Background: Transition home after hospitalization carries significant risk of adverse patient events, readmissions and increased costs. Despite significant organizational efforts to improve care transitions, there continue to be challenges in implementing consistent interventions that impact key metrics of patient experience with the care transition and 30-day readmission rates.
Purpose: Designing patient-centered systems which improve collaboration between inpatient providers, outpatient providers and patients is imperative to improve care transitions. We developed a patient-focused quality collaborative with hospitals, physician organizations (POs) and patients to innovate the transition processes across the state of Michigan and allow organizations to share the lessons they learn with each other through this initiative. Furthermore, we used innovative improvement methods that incorporated integrated design tools with the creation of institution specific patient journey timelines to better identify local gaps in care transitions.
Description: I-MPACT is comprised of clusters, each made up of representatives from a hospital, PO(s)and two patient/caregiver advisors. Each cluster has selected to focus on one of five common disease populations by choosing to target patients who have pneumonia, chronic obstructive pulmonary disease (COPD), congestive heart failure (CHF), acute myocardial infarct or patients discharged to a skilled nursing facility (SNF). Patients from the target population discharged from cluster hospitals were closely observed in the hours prior to discharge and an innovative patient journey timeline was generated (image 1) using the integrative design process. This novel patient journey timeline was used to focus team discussions and help clusters identify fundamental gaps that occur in the local transition process. Every cluster then developed two unique interventions to improve the discharge process for their selected target population. Lessons learned at individual clusters have been helpful for other clusters and are actively shared on monthly conference calls and at collaborative wide meetings.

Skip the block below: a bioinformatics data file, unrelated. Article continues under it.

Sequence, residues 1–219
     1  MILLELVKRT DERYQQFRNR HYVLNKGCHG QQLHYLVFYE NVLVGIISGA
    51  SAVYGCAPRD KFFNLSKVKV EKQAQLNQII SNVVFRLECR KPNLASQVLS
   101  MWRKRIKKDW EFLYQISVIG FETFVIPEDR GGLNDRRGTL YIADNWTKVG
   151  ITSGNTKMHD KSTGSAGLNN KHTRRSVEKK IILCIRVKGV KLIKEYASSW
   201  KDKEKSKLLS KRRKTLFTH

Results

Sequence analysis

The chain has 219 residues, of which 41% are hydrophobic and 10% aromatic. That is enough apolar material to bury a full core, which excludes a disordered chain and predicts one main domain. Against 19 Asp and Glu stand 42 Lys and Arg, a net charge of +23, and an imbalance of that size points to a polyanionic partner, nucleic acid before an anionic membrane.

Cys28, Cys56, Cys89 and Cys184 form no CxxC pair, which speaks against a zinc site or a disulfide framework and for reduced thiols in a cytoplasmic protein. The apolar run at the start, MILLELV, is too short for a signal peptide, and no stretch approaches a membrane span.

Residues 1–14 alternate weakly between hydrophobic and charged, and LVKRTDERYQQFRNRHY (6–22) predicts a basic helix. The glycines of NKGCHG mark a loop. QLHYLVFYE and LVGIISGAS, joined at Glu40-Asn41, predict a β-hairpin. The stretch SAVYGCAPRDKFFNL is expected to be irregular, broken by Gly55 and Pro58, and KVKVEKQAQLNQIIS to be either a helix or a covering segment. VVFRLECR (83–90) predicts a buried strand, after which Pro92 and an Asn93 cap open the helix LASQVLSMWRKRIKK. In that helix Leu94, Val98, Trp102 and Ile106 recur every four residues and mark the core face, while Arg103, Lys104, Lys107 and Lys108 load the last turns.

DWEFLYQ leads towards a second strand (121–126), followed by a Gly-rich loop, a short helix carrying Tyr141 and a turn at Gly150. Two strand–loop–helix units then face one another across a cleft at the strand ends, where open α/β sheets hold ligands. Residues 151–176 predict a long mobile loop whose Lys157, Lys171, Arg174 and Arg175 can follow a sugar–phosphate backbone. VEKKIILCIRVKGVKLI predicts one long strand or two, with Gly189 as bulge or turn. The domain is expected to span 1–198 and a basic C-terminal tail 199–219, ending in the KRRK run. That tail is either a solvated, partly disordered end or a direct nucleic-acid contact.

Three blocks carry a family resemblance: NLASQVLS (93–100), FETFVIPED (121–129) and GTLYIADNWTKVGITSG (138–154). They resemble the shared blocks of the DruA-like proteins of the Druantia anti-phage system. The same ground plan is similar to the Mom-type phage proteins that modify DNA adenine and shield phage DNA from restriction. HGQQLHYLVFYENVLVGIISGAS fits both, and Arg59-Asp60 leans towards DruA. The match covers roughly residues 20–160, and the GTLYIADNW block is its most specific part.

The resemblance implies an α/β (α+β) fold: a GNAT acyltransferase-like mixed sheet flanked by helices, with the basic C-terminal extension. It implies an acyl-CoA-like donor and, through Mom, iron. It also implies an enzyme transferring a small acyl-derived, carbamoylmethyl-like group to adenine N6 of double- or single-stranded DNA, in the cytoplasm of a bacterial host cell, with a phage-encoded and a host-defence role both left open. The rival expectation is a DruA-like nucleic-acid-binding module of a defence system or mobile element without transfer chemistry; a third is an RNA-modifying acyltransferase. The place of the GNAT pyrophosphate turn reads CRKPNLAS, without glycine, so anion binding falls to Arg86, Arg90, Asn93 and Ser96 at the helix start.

Conclusions: We have developed an innovative patient journey map to help identity hospital-specific improvement opportunities at the time of hospital discharge and we used these patient journey timelines to develop 40 unique interventions at 20 different I-MPACT cluster hospitals in a collaborative effort to improve care transitions throughout Michigan. Each of the 20 I-MPACT clusters are actively abstracting data surrounding patient experience at the time of discharge as well as readmission rates and we are building a robust data registry to evaluate the quality of care transitions in our state. We hope the care transition improvement interventions generated from our novel patient journey timelines will positively influence these factors.